A quick question from a newbie, re my VHS handheld

Hello All,

I found this forum after trying a web-search on this subject, and you are probably the best folks to ask. Let me preface my question by saying that I know next-to-nothing about radios in general, not like the users of this forum…

Here goes:

A few years ago, I had a small sailboat, and of course immediately picked up a small handheld VHF radio (iCom IC-M34) to have aboard. Unfortunately, after a year or two I no longer had the boat, but did end up with this radio among the necessary bits in my bag from it. It works perfectly, and seems to hold a charge forever.

My question is, is it reasonable or legal or feasible to keep this unit charged and in my car, say, for emergency use in case of injury or accident in a remote place on land? I’d love for my wife and I to at least have something around with which we might summon help if there’s a crisis and cellphones or landlines are not an option.

I realize, of course that the channels on the marine VHF are reserved in many cases for different purposes, and that this radio was not intended for this.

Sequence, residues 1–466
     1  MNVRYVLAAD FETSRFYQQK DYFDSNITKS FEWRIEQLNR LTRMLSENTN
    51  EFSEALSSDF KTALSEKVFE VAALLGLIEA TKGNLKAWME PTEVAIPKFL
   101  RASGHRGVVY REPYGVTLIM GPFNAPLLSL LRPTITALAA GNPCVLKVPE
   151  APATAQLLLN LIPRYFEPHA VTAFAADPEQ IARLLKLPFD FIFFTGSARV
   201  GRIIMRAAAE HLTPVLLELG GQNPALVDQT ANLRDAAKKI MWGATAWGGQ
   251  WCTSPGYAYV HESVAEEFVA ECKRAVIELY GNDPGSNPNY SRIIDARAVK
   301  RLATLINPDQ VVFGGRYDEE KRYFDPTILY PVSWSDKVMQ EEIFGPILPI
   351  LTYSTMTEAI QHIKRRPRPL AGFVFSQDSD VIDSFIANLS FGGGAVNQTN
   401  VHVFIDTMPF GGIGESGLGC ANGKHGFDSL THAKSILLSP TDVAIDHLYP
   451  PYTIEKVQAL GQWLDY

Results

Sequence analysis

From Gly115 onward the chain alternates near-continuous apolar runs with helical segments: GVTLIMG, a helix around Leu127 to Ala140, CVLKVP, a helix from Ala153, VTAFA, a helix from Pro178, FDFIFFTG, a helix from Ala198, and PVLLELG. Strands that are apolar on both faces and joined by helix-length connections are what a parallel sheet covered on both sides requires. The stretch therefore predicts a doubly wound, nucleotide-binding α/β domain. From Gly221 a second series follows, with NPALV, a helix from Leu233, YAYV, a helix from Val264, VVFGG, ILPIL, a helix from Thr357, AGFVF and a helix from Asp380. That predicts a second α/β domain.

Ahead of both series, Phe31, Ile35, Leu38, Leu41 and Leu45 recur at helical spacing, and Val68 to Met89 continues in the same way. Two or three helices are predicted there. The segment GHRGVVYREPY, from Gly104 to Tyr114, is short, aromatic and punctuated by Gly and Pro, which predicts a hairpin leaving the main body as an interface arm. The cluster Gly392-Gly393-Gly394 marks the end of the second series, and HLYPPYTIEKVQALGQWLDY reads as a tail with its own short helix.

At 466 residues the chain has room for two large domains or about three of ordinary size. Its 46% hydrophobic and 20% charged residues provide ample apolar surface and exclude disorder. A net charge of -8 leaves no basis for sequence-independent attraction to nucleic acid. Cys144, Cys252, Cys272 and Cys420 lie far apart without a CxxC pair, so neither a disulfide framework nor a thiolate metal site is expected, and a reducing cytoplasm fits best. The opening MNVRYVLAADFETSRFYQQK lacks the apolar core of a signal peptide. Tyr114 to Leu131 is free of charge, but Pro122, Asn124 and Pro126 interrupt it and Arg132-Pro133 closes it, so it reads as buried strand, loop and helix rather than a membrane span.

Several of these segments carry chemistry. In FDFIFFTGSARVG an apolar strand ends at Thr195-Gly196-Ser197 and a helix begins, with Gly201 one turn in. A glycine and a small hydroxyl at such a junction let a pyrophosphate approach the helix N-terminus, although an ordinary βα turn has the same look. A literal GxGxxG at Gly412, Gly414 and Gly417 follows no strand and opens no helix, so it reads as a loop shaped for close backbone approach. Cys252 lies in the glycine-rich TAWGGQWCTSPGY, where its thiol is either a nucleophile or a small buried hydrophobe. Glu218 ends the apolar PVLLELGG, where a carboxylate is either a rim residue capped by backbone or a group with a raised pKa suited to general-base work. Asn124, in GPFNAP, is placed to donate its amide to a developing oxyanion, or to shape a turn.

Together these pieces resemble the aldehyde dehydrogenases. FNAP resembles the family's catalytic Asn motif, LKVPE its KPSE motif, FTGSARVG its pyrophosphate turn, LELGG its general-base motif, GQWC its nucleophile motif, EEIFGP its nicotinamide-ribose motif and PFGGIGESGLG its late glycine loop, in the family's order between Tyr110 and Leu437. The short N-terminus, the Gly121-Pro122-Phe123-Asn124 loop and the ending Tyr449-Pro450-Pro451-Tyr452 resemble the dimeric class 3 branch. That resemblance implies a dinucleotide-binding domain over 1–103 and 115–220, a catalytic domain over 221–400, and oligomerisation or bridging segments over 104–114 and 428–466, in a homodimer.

So would I be a fool to think an emergency message could reach help, or (worse yet) would I be breaking the law by trying to use this while on land (and not communicating with a marine vessel)?

Should I just give or sell this to another boater?

Thanks for indulging my question, and, if so moved, for replying.

All best,
Tom, NYC

Marine radios are illegal for land use. No one inland would monitor them anyway.

Inland, a bit pointless, but if you live on the coast, maybe? However, on the coast or inland, cell coverage is much more reliable. Oddly, in the UK, and I think internationally you will not be prosecuted for using any radio equipment, licensed or unlicensed for real emergency situations. It allows for a member of the public to use a Police radio that perhaps an injured officer has available, or for a civilian to use a aviation radio etc etc.

It’s just pointless if you have a phone. Marine radios are great offshore, where cell coverage is non-existent. On land, the reverse applies.

In the US, the FCC allows for the use of almost any radio on nearly any radio service in the event of an emergency if no other means of communication is available. This is on the condition that the user cease communication when the emergency has passed or as soon as another method of communication becomes available.

Having said that, since marine radios are generally not monitored or used on land, it would make more sense to use a land based radio service for emergency radio communications for your purposes.